I must admit that the last few weeks, photographically at least, have been a bit of a washout. The weather here in Derbyshire has been intermittently decent in the daytime but dawn and dusk, more often than not, have been a masterclass in cloudiness. It’s not been a bad thing as for the first time in years I’ve actually been able to take a bit of time off in preparation for what will be a busy few months ahead.
At the end of August, in readiness for the September gales that roll in off the Atlantic, I shall be returning north to the Shetland Islands for as long as I can manage, probably between 3-5 weeks. It is my nostalgia for these northern islands that has prompted me to post some golden plover images that I captured up there last year, on one of the rare evenings that the sun made a brief appearance.
My time in the Shetland Islands will be spent almost exclusively at Hermaness, a National Nature Reserve on the northernmost island of Unst and though it is undoubtedly a spectacular place it is also among the most challenging environments within the UK in which to work. Last year, having had a number of tents destroyed by ferocious winds I was forced, for the last month of my visit, to work out of my van, something that I will have to do again this year. With no cooker, fridge or comfy bed however it is hardly the most homely of places. There will then be the daily, arduous 6 mile round trip, this time lugging my weighty 600mm F4 lens as opposed to my petite 200-400mm, along with all the food and drink that I’ll need for a potential 14 hour stint. Add in an occasional 90m abseil down broken cliffs, an overwhelming sense of isolation and vulnerability, a feeling which frequently progresses to genuine fear and panic and I’d say that pretty much sums the experience up.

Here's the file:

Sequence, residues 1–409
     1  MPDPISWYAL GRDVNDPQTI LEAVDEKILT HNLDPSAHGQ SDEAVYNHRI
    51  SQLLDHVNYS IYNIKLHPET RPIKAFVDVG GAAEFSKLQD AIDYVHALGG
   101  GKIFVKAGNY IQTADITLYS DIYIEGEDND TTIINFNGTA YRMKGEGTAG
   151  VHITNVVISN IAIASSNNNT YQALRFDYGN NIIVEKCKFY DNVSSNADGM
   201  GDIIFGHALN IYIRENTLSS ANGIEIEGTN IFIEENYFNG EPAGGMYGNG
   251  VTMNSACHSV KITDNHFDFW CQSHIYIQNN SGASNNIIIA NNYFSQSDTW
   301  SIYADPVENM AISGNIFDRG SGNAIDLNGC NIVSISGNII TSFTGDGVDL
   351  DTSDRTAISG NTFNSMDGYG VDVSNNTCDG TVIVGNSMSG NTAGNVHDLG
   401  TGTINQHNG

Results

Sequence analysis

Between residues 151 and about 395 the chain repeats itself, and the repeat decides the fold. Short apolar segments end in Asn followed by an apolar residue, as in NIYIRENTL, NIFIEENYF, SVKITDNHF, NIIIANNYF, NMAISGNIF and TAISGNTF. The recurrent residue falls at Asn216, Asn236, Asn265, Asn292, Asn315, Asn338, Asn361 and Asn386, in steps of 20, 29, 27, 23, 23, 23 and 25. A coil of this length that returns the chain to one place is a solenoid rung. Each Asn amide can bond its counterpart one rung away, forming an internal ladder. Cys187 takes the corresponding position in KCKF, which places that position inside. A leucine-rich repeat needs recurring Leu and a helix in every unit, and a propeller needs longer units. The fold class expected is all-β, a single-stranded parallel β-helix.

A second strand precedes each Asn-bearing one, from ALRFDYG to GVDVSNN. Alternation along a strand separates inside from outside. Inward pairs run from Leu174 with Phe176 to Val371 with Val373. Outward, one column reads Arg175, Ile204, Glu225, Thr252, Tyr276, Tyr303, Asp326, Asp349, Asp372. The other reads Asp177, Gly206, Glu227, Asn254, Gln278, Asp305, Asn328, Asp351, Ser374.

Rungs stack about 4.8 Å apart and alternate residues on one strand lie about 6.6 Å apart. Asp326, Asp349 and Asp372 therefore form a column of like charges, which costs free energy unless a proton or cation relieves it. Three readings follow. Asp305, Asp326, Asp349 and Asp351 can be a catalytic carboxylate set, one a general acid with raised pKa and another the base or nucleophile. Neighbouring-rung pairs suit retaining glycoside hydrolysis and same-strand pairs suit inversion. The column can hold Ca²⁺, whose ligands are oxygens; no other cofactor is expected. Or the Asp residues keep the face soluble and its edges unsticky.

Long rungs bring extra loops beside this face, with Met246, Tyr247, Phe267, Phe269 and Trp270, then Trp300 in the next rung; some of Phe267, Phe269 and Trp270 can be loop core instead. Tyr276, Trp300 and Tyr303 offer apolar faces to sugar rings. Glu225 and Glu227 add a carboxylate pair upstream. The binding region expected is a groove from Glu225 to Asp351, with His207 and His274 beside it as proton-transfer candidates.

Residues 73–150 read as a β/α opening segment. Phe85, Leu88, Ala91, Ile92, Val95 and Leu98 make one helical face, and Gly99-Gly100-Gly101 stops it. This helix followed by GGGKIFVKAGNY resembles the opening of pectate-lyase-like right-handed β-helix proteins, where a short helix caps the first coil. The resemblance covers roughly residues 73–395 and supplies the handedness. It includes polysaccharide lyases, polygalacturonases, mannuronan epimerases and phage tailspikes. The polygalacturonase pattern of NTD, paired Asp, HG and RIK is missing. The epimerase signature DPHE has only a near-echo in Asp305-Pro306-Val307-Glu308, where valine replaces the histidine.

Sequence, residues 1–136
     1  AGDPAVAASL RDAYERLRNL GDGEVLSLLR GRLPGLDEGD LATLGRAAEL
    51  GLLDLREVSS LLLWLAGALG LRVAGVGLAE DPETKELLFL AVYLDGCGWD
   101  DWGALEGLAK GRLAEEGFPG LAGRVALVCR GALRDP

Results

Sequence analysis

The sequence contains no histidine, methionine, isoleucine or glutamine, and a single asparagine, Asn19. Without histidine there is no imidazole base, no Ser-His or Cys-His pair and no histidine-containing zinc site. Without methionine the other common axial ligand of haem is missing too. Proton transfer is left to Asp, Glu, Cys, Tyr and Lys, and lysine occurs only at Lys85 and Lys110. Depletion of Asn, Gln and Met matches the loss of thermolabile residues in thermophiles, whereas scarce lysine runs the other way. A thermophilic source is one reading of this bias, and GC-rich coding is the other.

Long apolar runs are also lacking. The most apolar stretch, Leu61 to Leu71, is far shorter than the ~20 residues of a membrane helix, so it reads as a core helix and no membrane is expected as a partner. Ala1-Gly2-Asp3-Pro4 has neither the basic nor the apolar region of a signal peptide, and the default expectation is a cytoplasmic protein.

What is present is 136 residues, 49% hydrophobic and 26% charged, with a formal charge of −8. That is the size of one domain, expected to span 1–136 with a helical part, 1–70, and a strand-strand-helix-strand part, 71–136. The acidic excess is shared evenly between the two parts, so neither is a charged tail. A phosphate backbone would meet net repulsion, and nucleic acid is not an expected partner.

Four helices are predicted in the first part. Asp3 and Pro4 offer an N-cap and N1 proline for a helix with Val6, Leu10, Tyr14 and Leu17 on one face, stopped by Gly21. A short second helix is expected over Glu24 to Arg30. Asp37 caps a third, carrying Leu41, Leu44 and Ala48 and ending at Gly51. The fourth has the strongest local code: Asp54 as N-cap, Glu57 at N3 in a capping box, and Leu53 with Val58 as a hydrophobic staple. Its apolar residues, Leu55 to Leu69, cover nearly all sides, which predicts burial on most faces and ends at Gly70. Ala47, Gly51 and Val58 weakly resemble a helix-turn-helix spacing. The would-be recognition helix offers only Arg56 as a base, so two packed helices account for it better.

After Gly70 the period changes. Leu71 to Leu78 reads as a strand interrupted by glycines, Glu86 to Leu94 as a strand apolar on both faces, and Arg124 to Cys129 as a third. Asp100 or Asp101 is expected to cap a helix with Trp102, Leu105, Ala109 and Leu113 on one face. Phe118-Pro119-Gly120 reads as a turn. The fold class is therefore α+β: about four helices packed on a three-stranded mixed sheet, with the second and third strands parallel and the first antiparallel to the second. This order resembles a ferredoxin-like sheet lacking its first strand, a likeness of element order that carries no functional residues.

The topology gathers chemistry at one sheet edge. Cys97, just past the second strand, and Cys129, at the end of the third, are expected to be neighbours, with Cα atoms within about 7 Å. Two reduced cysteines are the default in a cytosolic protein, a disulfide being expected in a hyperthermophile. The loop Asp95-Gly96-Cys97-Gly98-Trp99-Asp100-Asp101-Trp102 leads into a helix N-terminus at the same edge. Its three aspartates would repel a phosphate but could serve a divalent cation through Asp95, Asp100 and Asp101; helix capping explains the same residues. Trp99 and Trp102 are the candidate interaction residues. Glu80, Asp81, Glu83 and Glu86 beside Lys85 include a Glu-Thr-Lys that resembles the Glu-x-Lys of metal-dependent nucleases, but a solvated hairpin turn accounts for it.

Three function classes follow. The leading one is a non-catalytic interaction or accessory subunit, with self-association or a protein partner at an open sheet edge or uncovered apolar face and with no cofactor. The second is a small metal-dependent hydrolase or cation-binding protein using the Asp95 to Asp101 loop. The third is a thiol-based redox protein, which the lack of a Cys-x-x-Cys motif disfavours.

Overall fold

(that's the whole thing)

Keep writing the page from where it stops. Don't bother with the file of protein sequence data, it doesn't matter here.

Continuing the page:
With no phone signal at the base of the cliffs where I will be working I have little option but to ring my wife before every abseil and agree a time when I should be back up. If that time passes my wifes next call has to be to the coastguard giving them accurate GPS co-ordinates for where I’m supposed to be. I’m actually beginning to feel a bit stressed about it already!
As it is so difficult, even on a regular blog, to give people an accurate idea of the full gamut of work that a wildlife photographer produces I have, for those who might be interested in having a look, just had another 200+ images uploaded onto www.rspb-images.com If you search on “Andrew Parkinson”, speech marks necessary, then that will bring up some of the material that I’ve produced over the previous winter months. Of course I could update my own website with these images and information but that is clearly asking a little too much of someone with my organisational skills!